Rear brake pads don't wear as fast as the front ones, but after 3 sets of front pads, my rears finally gave out, so I have just replaced them. The process is very similar to changing the front brake pads, except for 2 major differences:
|The rear wheels are off the ground, so using the handbrake and leaving the car in gear won't stop it rolling away! Take extra care with wheel chocks!|
|The caliper piston on the rears must be wound back and then adjusted with a 4mm hex-key, which is a bit trickier than the process for the fronts|
Things you will need:
|New pads! Make sure you get the right ones (1.6 and 1.8 MX5s have different brakes). Always replace the pads on both rear wheels together|
|A 4mm hex-key (Allen key)|
|Copper grease (available from Halfords etc)|
|Spanner or Socket wrench (For Mk2 1.8i you'll need 14mm and 10mm)|
|Wheelbrace, Jack, Axle stands, Wheel chocks|
|2m of String|
|A flat-bladed screwdriver may be handy|
Don't just take my word for it... read the brake-pad article on miata.net for a good description of the process. Here's my illustrated checklist of the steps to take, which may help clarify the details of the miata.net article:
(1) Put some chocks securely in front and behind both front wheels (because the handbrake and gears only affect the rear wheels, there is nothing else to stop the car rolling off the stands and falling on you).
(2) 'Crack' (loosen) the rear wheel nuts while the wheels are still on the ground
(3) Jack up the car & get it safely onto some axle stands
(4) Remove rear wheels
(5) Before you take the caliper off, you'll need to wind back the caliper piston a bit. This is done by 'undoing' a 6mm hex-key bolt on the back of the caliper. To gain access to the bolt, a 14mm cap nut must be removed. Stick your head into the wheel arch and look straight down (as in image; you can see the brake disk in the bottom left; the centre of the car is towards the top right). The circled nut is one of a pair of 14mm nuts where the handbrake cable (corrugated rubber thing) attaches to the caliper. One nut holds the handbrake-cable bracket on, the other is the nut to remove.
(6) Remove the cap from your brake master cylinder.
See my article on front brakes for a picture of this
(7) Insert your 4mm hex key into the hole you removed the cap-bolt from, and you should be able to locate it into the hex nut. 'Unscrew' this nut to back-off the caliper piston. After a few turns you should be able to pull back the brake pad away from the disk surface and see a widening gap.
(8) Find the plastic cap on the bottom rear of the caliper (see image), and simply pull it off to uncover the caliper pin.
(9) Remove the 10mm caliper pin - it unscrews a little and then pulls out.
|This image shows the rear side of the caliper looking upwards, with the caliper pin and the hex-bolt (with my hex key in it) highlighted.|
(10) Holding the pads in place to stop them springing out, carefully rotate the caliper back and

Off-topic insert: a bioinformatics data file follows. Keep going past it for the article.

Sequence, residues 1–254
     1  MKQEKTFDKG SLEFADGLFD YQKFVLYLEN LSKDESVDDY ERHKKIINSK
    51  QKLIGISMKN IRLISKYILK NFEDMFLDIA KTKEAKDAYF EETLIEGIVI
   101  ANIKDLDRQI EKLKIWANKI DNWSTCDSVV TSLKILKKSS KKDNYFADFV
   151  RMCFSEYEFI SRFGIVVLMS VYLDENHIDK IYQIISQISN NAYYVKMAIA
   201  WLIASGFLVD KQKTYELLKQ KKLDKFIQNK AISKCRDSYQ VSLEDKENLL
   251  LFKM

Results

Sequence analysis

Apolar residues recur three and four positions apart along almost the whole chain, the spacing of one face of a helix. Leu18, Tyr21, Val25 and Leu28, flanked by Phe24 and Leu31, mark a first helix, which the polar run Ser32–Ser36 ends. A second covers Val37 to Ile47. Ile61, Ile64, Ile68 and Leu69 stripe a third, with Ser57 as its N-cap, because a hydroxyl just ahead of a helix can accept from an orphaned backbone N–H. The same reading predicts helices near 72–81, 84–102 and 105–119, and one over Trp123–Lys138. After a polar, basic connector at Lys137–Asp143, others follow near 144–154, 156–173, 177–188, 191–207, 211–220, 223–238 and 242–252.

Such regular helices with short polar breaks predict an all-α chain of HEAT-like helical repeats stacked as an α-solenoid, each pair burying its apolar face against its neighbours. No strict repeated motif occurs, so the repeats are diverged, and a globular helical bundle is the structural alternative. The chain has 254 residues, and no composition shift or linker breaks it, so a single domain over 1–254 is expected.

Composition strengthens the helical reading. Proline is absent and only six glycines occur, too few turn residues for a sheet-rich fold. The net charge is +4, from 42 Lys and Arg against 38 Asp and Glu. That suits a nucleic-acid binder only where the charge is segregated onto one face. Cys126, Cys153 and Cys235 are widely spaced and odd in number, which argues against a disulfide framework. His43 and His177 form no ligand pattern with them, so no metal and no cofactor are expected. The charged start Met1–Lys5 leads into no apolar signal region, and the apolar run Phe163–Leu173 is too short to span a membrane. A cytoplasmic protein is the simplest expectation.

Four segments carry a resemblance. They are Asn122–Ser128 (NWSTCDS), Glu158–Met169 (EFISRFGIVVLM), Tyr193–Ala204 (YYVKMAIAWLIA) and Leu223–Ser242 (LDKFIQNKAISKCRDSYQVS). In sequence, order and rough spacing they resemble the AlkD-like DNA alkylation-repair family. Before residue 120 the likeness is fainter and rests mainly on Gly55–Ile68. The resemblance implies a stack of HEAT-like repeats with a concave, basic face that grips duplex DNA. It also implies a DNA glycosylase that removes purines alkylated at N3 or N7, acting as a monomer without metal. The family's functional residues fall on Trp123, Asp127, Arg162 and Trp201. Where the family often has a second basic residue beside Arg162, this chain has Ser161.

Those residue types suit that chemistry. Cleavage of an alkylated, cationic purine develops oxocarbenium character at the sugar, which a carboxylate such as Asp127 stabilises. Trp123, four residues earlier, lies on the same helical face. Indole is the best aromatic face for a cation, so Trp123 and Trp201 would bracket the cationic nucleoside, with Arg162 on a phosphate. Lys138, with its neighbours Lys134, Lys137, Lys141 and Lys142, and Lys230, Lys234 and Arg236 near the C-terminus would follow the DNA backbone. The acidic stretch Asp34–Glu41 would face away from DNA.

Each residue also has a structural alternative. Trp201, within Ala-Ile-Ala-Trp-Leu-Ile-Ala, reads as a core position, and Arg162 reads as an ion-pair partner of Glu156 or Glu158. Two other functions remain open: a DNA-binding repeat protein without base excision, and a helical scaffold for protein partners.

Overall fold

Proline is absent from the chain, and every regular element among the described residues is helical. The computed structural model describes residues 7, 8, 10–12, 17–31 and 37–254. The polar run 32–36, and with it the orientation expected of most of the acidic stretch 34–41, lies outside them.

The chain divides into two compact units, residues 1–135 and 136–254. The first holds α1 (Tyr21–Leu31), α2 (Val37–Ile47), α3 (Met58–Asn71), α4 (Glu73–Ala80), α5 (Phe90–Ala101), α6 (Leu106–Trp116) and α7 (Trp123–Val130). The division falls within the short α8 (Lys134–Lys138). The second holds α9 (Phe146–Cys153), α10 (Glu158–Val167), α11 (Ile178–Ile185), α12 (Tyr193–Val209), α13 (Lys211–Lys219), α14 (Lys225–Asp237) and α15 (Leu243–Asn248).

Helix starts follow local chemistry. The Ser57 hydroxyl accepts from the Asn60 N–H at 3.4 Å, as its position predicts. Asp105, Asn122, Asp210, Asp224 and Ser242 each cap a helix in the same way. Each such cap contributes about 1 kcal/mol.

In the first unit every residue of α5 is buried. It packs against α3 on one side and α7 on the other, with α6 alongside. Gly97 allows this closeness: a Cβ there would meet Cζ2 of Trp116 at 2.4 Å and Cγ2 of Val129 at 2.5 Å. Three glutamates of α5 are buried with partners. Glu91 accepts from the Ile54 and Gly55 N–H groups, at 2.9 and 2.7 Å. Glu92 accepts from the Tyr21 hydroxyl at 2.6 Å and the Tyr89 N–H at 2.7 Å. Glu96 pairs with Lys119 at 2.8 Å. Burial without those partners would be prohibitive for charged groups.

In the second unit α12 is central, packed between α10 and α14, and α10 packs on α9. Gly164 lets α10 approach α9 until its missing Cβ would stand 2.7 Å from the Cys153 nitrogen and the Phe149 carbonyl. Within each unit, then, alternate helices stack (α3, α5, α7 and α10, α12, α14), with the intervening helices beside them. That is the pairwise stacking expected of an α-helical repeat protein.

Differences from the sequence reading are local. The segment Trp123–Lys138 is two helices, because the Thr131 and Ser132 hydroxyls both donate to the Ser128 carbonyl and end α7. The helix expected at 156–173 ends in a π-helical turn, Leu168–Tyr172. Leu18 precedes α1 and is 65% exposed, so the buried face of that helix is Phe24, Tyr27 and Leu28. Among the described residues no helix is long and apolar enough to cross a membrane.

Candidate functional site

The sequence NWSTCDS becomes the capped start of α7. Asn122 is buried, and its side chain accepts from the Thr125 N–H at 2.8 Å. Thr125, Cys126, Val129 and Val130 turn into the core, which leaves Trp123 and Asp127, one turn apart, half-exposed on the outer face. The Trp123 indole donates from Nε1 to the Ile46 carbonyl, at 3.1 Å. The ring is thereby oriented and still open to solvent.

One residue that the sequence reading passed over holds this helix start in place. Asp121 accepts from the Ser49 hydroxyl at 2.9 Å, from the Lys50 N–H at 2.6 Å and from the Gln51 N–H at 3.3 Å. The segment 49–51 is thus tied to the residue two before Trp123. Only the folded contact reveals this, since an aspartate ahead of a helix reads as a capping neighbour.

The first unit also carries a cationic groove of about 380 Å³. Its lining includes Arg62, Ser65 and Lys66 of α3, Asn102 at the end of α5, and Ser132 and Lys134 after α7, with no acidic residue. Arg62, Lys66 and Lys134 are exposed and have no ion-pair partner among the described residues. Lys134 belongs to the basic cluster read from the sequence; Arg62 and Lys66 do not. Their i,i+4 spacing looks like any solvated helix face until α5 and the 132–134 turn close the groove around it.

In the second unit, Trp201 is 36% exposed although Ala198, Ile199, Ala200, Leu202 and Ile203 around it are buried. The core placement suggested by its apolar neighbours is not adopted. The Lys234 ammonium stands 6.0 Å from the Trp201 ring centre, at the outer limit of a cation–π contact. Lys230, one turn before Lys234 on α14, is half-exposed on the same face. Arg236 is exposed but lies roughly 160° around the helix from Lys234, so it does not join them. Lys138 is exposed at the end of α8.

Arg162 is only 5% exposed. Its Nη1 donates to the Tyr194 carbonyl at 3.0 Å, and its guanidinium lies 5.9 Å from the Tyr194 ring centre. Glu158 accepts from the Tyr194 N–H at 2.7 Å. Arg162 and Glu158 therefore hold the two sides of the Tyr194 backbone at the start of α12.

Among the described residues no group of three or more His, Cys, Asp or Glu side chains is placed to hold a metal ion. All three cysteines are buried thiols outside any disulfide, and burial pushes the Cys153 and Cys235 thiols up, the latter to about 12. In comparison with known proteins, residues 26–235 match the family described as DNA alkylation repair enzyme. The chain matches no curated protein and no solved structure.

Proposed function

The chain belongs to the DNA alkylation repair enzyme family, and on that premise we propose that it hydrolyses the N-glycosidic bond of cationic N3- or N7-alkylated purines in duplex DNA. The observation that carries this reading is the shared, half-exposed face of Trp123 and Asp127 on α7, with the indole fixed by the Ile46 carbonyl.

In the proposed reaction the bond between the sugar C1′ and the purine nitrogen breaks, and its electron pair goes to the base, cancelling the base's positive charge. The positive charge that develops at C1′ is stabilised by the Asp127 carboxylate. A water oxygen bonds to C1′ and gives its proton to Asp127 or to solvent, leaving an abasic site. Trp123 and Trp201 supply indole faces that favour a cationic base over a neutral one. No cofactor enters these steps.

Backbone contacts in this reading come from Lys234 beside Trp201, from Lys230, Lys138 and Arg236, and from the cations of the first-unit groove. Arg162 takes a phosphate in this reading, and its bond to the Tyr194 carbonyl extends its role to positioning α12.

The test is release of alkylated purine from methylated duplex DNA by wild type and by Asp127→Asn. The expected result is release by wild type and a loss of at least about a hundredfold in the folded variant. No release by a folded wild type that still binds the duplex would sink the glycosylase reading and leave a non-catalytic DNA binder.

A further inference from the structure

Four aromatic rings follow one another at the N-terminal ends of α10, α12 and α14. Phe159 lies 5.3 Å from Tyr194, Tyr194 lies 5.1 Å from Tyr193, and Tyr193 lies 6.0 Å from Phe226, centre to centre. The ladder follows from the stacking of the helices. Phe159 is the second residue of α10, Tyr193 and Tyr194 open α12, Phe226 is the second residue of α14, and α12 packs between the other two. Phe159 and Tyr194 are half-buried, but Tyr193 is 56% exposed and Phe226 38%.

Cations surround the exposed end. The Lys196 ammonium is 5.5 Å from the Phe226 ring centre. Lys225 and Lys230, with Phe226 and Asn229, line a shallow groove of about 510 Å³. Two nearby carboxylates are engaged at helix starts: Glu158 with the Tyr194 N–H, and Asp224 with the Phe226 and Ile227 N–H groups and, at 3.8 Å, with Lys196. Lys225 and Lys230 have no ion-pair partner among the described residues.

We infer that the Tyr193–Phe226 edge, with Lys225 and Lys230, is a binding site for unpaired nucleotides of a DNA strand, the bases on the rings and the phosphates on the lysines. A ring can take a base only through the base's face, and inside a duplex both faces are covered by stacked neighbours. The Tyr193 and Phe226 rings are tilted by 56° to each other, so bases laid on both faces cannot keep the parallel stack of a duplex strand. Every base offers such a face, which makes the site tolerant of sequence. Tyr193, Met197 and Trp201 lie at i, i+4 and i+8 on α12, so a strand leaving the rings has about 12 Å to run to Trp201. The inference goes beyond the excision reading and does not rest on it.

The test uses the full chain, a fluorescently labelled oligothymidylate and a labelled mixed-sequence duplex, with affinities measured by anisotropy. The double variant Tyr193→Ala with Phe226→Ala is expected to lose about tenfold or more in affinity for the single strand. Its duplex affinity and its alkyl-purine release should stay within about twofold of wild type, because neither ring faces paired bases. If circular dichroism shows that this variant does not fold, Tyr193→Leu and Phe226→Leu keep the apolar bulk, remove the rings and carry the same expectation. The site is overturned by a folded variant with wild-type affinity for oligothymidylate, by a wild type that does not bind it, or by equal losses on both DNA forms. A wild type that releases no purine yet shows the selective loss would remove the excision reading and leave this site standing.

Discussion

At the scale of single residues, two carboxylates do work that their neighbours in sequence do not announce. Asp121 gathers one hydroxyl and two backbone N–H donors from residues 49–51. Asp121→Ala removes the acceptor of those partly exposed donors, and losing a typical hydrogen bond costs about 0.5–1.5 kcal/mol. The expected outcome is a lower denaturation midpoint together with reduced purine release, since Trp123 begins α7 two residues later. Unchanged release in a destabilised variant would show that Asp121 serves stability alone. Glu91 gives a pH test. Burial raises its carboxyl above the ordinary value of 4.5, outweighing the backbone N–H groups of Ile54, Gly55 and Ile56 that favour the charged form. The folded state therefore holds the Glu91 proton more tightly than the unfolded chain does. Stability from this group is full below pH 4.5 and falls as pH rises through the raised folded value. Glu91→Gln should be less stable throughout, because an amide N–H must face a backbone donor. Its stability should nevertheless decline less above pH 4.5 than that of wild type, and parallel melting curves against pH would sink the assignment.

up until it clears the pads. (The handbrake cable and brake hose make this much springier than the front caliper).
(11) Tie the caliper up with string. (I had to tie it to the hard-top mounting points on top of the car to be able to successfully hold the caliper up - now that I've replaced the pads a few times, I don't bother with the string any more, but it helps on the first go).
(12) Remove the W springs at the top and bottom, and the pads should lift out easily. The top spring clip will probably fall out with the pads, but it's easily replaced as the new pads go in.
You should now have a nice little collection of parts (see numbered items in image)
(13) Find your new pads (check all 4 - some pads may have loops of metal on one end to cause a squeal when the pads are near the end of their life - if so, make sure you get 1 pad with a loop and 1 pad without. I fit the one with a loop on the back side)
(14) Apply some copper grease to the back of each pad. Attach the backing plates.
Apply some more copper grease to the back of the backing plates. Take care to avoid getting
grease onto the working surfaces of the pads and disk.
(15) Insert the pads, making sure the top and bottom spring clips are back in place too.
(16) Lower the caliper back down over the pads. If it won't go, then you will need to further bruise your fingers widing the piston back with your hex key. If you are fitting new pads and discs at the same time you may reach the end of the hex-key travel before you can get the pads in - I just ditched a backing plate to make it all fit together properly tat first time. Once the discs had worn slightly, fitting the next set of pads was much easier.
(17) Put the 'W' clips back on so that they put pressure on the spring clips.
(18) Now you must adjust the pads. Ensure the handbrake is off. Lock the disk in place with a couple of wheel nuts. You should be able to spin the disk easily with your fingers.
(19) 'Do up' the hex key until the pads grab the disk and you can no longer turn it by hand. Now 'undo' it about a third of a turn. The disk should turn fairly easily (though it might make a slight rubbing noise, and will continue to do so until the brake pads are bedded in)
(20) Apply a little grease to, & then replace, the pin on the bottom of the caliper
(21) Replace the plastic cap over the pin
(22) Replace the cover bolt over the hex-key hole
(23) Replace wheels. Remember to tighten the nuts after you have lowered the car off the jack
(24) Pump your brakes several times to get everything properly seated
(25) Put brake master cylinder cap back on
(26) Take a tentative test drive. Take care to brake gently for the first 100 miles to bed the pads in.
Rear brake pads take longer than fronts, so take me about 35 minutes each
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